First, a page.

Marking Time

24B92C05-3845-4D72-BA12-4E30BF257C5DIn this time of COVID-19, many are learning to slow down, take more notice of things around them and appreciate what they have. Even for me, someone who has been retired for several years and has all the time in the world, there seems to be a slower pace.

This Spring I’ve been doing what I do every spring: checking out the emergence of the plants and animals that tell us winter is over and summer is on its way. This is known as phenology, “the rhythmic biological nature of events as they relate to climate” to quote my friend John Latimer. John does a weekly phenology report on Northern Community Radio (Kaxe.org) wherein he discusses his observations. He also does a “daily dose of phenology” in which he looks back at his records to see what was happening on a given date. It’s sounds geeky (and it is) but its a great way to relate to the land around us and remember we are a part of something bigger.

I have been trying to keep phenology records for the past few years but often am too rushed to remember what I saw and write it down. But this year, I find myself taking the time everyday, not just some days, to notice what is happening in the natural world. I’ve challenged myself to find something new everyday or at least write down something I saw or heard, that got my attention. I made some early observations in March but I didn’t start writing things down everyday until a few weeks ago. Here is my daily log for the Spring so far, including observations while at work, but mostly at home:

April

27: hepatica beginning to bloom

28: rue anemone, marsh marigold beginning to bloom; first-of-the-year (FOY) white-throated sparrow

29: aspen catkins dropping

30: sandhill cranes calling from the cattail slough (see home page photo)

May

1: snowberry, chokecherry leafing out

2: leatherwood leafing out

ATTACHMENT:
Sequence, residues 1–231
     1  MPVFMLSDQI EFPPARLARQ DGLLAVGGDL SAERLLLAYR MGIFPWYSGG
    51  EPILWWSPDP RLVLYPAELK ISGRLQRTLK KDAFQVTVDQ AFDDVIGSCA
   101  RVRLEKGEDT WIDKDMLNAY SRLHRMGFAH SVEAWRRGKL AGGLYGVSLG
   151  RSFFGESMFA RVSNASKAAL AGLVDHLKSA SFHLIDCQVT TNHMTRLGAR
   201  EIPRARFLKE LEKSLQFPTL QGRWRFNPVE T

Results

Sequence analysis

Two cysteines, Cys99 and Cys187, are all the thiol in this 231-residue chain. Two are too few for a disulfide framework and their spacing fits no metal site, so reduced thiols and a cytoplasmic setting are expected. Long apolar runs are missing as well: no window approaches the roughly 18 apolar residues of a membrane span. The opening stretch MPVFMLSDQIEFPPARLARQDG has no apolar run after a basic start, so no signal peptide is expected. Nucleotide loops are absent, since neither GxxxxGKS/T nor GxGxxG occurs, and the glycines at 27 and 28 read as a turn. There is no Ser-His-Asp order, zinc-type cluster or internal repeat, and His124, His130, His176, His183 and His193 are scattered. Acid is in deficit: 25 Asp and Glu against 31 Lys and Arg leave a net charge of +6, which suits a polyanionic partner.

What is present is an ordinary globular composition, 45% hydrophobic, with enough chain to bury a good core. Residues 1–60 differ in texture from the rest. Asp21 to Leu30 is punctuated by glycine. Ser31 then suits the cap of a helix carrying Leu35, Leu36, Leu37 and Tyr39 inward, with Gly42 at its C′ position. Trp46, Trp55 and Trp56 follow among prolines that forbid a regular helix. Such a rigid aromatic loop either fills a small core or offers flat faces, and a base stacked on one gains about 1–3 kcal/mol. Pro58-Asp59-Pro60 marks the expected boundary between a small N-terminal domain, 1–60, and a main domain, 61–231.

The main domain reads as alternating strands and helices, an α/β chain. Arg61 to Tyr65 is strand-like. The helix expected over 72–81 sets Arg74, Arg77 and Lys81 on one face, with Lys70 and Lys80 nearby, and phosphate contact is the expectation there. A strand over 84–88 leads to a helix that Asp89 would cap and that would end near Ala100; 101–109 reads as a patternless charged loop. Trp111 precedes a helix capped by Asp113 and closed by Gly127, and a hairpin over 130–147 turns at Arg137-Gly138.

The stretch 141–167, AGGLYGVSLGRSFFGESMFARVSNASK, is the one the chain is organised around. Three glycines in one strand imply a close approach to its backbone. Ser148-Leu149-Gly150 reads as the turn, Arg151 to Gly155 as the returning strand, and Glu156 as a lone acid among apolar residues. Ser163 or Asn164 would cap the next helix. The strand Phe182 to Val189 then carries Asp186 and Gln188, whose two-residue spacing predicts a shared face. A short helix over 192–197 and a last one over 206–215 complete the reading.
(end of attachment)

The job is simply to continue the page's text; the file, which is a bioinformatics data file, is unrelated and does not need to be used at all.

3: bellwort emerging; wood anemone flowering

4: FOY phoebe

5: Pennsylvania sedge flowering

6: wild ginger flowering

7: aspens leafing out

8: red maples leafing out; cattails emerging

9: FOY warblers: “butter butt” (yellow-rumped), palm, pine (observed at Big Sand Lake access)

10: green ash flowering

11: large-leaved aster emerging

12: FOY spring azure and fritillary butterflies, black and white warbler (Greenwater Lake Scientific and Natural Area)

13: oak trees flowering

14: FOY yellow warbler

15: FOY Baltimore oriole

16: trilliums have emerged, ready to bloom

17: wild plum blooming; FOY sharp-shinned hawk (Big Sand Lake access)

The natural world keeps on keeping on, regardless of what is happening in the “human” world. We get busy creating our own reality with work, politics, sports, celebrity gossip, etc. We seem to be in a competition to see who can accumulate the most, which really means using up and throwing away the most.

COVID-19 is a reminder that the natural world is the “real” reality and still is in charge. We may think we control our destiny, that the world exists for us to exploit. Along comes a bit of protein-coated RNA, (see my post “Virus”) one of millions of viruses that exist in nature, and our world is turned upside down.

We are not in control. Nature is, always has been, always will be.

 

 

 

 

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